Jack Coote Revised by Paul Gelder
This is a hugely important book that should be in any personal or organizational (e.g. sail training program) library. It is organized into the following parts: weather (and waves), faulty navigation (poor thinking), failure of gear or rigging, failure of ground tackle or mooring lines, collision (think submerged free floating shipping container), fire or explosion, and towing mishaps.
While some of the short stories go back to years before modern electronics, the fact is that modern electronics can fail (and be wrong or not updated even when working). Each vignette ends with a lessons learned summary.
Here is what I pulled from the book:
Bad — really bad — stuff happens even when you have done everything right. Plan for and practice for the worst case. When its catastrophic and not your fault, get over the guilt and move on.
– Weather. Freak weather and freak waves happen. Assume dismasting. Assume loss of steering. Assume capsizing and need to cut access hatch. Assume loss of antennas and installed electronics. Assume broken bilge pumps clogged by tin can labels and such. Now what? Have answers.
– Navigation. When in doubt stand off. Do the azimuths and the chart work. Do not approach at night where there is any doubt. Have someone up the mast (or a webcam?) in hazardous reef areas.
– Rigging/Gear Safety. Stays will snap, double stays are nice, know what’s beneath the surface (“10mm” mounts could be on top of 6mm threads). Have the lifeboard accessible and where it won’t be holed by pieces of mast flailing about. Think about batteries and bilge pumps and portable options. New batteries for all hand-held emergency beacons and radios. Flourescent strom sails. Consider a flourescent deck or at least foredeck.
– Mooring/Ground Tackle. Corral reefs can cut through steel chains. This I did not know. The right amount of weather stress can snap chains and rip cable mounts off the boat.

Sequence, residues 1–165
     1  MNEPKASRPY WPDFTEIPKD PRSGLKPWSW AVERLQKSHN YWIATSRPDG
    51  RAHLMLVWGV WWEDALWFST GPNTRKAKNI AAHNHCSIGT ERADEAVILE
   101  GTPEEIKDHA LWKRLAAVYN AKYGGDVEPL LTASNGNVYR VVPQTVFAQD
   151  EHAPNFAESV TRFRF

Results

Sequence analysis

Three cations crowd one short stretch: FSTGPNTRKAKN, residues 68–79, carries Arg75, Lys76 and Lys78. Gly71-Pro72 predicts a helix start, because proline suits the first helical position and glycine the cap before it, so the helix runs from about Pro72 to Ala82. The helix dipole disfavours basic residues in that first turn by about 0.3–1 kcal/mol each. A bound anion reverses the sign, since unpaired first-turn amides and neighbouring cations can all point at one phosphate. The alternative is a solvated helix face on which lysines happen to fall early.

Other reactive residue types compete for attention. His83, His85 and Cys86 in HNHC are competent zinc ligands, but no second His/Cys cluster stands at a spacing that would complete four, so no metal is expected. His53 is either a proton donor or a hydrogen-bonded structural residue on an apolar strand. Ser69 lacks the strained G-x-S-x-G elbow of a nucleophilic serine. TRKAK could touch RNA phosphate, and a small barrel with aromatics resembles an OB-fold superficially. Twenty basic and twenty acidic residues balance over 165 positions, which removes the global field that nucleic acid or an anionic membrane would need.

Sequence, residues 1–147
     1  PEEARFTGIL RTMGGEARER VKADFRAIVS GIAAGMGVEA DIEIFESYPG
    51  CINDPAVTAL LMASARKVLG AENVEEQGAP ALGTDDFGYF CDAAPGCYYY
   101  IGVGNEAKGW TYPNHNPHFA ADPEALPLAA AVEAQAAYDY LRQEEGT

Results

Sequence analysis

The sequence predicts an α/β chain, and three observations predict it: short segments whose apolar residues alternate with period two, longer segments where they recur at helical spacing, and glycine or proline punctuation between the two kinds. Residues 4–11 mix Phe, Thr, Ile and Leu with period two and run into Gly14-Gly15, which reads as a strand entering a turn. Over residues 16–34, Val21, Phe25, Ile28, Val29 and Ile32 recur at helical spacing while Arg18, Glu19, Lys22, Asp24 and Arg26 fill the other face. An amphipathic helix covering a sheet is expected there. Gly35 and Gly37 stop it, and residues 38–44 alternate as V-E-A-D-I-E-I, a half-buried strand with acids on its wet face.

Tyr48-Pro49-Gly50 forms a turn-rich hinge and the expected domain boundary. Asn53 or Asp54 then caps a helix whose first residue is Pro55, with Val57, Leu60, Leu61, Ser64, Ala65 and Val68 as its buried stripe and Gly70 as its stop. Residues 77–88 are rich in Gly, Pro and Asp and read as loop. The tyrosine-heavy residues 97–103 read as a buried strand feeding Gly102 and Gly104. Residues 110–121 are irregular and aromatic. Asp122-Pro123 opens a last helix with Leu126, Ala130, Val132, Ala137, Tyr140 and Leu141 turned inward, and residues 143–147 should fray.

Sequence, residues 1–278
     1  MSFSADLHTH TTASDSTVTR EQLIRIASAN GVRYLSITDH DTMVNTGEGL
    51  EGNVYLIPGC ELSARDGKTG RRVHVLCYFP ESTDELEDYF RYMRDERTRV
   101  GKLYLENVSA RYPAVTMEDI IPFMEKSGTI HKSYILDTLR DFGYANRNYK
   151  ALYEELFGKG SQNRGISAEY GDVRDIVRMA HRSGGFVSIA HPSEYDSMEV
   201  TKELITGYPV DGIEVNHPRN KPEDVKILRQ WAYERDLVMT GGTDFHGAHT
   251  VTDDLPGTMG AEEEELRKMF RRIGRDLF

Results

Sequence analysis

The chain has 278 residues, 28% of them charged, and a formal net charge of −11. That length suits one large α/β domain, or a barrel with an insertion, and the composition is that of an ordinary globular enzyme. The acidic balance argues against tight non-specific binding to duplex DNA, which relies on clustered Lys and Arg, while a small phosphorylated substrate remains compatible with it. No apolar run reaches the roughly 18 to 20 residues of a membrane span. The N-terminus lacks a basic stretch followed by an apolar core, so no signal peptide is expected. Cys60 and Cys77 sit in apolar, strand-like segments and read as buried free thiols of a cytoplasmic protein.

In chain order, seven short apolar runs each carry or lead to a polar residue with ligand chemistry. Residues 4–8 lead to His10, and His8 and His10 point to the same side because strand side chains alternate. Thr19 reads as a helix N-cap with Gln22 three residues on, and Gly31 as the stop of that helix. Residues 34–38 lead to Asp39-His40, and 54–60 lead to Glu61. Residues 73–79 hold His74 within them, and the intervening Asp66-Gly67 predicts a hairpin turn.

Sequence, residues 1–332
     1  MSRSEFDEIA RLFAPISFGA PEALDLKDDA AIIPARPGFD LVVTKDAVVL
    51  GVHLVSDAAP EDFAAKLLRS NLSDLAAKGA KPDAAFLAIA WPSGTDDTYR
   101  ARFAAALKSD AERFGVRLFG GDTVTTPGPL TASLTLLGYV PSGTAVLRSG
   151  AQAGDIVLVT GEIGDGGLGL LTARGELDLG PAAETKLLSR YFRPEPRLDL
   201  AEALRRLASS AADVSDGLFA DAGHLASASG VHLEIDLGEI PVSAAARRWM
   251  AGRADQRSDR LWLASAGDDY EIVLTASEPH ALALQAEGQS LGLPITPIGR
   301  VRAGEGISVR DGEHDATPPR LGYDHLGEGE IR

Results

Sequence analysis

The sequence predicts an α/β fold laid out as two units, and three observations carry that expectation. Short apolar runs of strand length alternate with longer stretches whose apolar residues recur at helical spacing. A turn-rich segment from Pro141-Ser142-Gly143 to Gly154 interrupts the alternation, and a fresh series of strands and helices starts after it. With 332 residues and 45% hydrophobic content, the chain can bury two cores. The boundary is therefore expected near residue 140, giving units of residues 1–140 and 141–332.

Surface Radar/Alarm. They are expensive, but there is so much hazardous debris out there (and pirates when anchored) it might be worth thinking about sonar and surface radar, and if in a fleet, at least one boat so equipped. The whales I could understand — free-floating mostly submerged containers now scare me.
Fire Avoidance. Will your fire extinguishers actually work in gale conditions? May be a bridge too far but a useful standard by which to test and buy.
Towing. This is hazardous. I had no idea. Some very useful lessons learned, it is a class by itself, including techniques for using deployed anchor as base for your end of the tow line, trailing a drogue to avoid over-running the tow line, weighting the middle of the tow line, having the two line be long enough for multiple waves. Stuff I never learned.
Damage Control Mind-Set. What will it take? Where are the tools? What is the sequence of events? Was the sailing plan filed on both end? Did you do a PAN PAN when you could?
Grag Bags. Passport, credit cards, car keys, knife, light, personal EPIRB properly registered
Short Trips. No difference — be as ready as if you were crossing the Atlantic.
This is a precious book, most useful, a fine substitute for learning the hard way through mishap and having to abandon ship. Highly recommended.